In the Dravidian and Manding languages -ka, is used to represent the verb 'to be', as well as the subjunctive. For example in Manding languages ka, is a particle of different values, which corresponds to -kaa, the infinitive element in Telugu of the verb ag-uta 'to become'. In Tamil this

element appears as aaga. For example, in Manding we have a ka-nye 'it's good'; and in Telugu kaa valenu 'it is necessary'. The same radical -ka represents the optative form in Telugu, e.g., aapani mundara kani 'how is labor given first place?'

In the Dravidian languages the suffixes -ke, -ge and -ka are used as the primitive verb 'to be' or 'to do'. They are usually used with abstract nouns e.g., ol 'to reign', ol-ka 'domination'. This corresponds to the Manding verb 'to do' ke , which is often joined to -la to form derived nouns e.g., sene 'cultivate', sene-li ke-la 'cultivator'.

These languages also share many cognate terms.


chief kal,kala kele-tigi gasa(n)

field gan ga kalan

eye(l) igi akki

eye(2) ini,en nya kan

arrow kak kala kakam

granary kur k'ur-k'ur kutir

road sila sila caalai

father pap pa appan

lord manus mansa mannan

male mu moko maakkal

to recite sid siti

to buy sa sa cel

grain se se

seed gen ge 'to sprout'



English Dravidian Manding

top, summit kona kun

one ondu do

two pattu ta

four naal nani

person uki moko

fish(filet) bale bake

skin uri wuru,guru

house lon lu

head kuku ku

tongue na ne

blacksmith inumu numu

foot karal koro

liver karal kura

mud burada boro, buru

give idu di

stone kaly kulu

cloud kaar ka, kaba

fire ti ta

mountain kunru kuru

elder,grandfather maama maa-maa



-ak and ka

turna know, awaken kuna, fori

sahri death sa

murta to erect kura

-mar from a place ma

li give di

tela to go tara

Nap God Nala

tus habitation du

husu ill-omened dyugu

kuta lance keru

lan,lani silver dala

ki one killi

ta place ta

kik sky,heaven ka

sari sculpter se

ufat steel tuufa

tela to go ta

khali great ka

dau help deema

ko king,lord ka

na say na

para to watch fere-ke


The lexical evidence above supports the hypothesis that a genetic relationship exist between Black African languages, Dravidian, Elamite and Sumerian. This linguistic data illustrates that a common cultural macrostructure is shared by these speakers which subsequently evolved along separate lines. Given this genetic unity of these languages we should call this group of Paleo-African languages situated in Africa and Asia B(lack) Af(rican), S(umerian, Draa(vidian), (E)lam: or Bafsudraalam subset of the Proto-Saharan Superset of languages.(Winters 1989)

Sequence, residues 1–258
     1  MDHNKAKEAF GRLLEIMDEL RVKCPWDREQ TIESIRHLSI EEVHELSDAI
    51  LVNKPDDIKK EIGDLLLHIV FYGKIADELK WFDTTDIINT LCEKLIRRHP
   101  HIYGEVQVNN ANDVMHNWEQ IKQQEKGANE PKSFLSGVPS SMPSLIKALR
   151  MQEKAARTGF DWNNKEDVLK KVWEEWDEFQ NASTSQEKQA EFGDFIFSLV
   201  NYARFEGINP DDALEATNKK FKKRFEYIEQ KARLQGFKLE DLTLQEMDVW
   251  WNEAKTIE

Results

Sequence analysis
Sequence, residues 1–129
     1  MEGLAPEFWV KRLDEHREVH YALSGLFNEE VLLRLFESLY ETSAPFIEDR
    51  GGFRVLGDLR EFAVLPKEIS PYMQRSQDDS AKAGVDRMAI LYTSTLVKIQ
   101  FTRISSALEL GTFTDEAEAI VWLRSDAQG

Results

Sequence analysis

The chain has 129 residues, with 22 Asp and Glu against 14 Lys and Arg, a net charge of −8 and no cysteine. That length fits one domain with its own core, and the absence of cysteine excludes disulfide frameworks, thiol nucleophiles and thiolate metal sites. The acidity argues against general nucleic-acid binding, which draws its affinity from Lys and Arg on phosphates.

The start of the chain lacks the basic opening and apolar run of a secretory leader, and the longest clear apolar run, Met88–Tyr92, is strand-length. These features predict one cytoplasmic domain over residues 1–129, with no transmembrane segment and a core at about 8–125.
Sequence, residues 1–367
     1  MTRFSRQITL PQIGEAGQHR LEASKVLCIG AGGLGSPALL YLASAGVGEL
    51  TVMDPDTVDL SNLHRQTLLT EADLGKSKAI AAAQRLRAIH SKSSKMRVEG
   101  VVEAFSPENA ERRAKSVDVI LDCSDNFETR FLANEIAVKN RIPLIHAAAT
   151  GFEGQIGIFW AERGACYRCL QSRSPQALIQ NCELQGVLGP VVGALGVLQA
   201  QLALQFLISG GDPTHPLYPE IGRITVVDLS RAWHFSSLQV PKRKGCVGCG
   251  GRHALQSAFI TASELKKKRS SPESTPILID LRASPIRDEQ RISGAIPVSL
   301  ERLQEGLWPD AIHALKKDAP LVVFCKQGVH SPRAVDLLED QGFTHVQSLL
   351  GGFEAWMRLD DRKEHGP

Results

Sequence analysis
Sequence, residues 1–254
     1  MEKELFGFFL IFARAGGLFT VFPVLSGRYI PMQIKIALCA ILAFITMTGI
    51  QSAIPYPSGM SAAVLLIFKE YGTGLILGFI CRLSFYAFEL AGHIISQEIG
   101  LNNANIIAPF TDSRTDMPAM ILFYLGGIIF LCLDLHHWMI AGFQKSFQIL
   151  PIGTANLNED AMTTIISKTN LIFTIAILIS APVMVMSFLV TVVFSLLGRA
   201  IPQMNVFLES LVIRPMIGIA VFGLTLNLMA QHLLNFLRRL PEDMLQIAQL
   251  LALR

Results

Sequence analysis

The theory of borrowing in ancient time can not account for these morphological, lexicological and phonetic correspondences between Dravidian , Elamite, Egyptian, Manding and Sumerian, because of geographical discontinuity. This cognition illustrates a genetic relationship between the Bafsudraalam subset of the Proto-Saharan family of languages.

Winters (l989) in a comparison of 100 lexical items from Manding and Dravidian indicated a cognate rate of 70 to 75 percent . The retention rate corresponds to a minimum separation of 1.18 millennia.

Using the standard rates of retention for glottochronology, the rate for corresponding Manding, Sumerian and Tamil terms together is 50 percent retention rate, and suggest a minimum length of separation of 2.29 millennia for the group as a whole.(Winters 1989) But when we compare Manding-Sumerian

the retention rate is 70 percent or a minimum length of separation of 1.18 millennia. A comparison of Sumerian-Tamil corresponds to a 57 percent retention rate or a minimum separation of 1.50 millennia.

The length of separations for these languages are far too recent. We know for example that Sumerian had been absorbed by the Akkadian language much earlier then 2.29 millennia ago. This inaccuracy of glottochronology is one reason why Anta Diop is opposed to this linguistic method.

The conservative nature of these languages can be explained by socio-cultural factors. You see all languages do not change as rapidly as others. Dr. Diop, in The African Origins of Civilization, observes that "understandably stable societies man's language has changed less with the passage of time".

The linguistic evidence explains the appearance of similar artifacts recovered from Iran (Elam) , the Indus Valley and Egyptian archaeological excavations. The cultural features and works of art are analogous because these people came from a common origin in the ancient Saharan region of Africa.





P> <3H>Books on this topic

There are several books that discuss the ancient Afrocentric world, including W.E.B.DuBois': Negro and The World and Africa; John G. Jackson, Introduction to African Civilizations; and Chiekh Anta Diop's : The African Origin of Civilization, and Civilization of Barbarism. All of these books can be obtained by ordering directly from:


If you have comments or suggestions, email me at cwinter@orion.it.luc.edu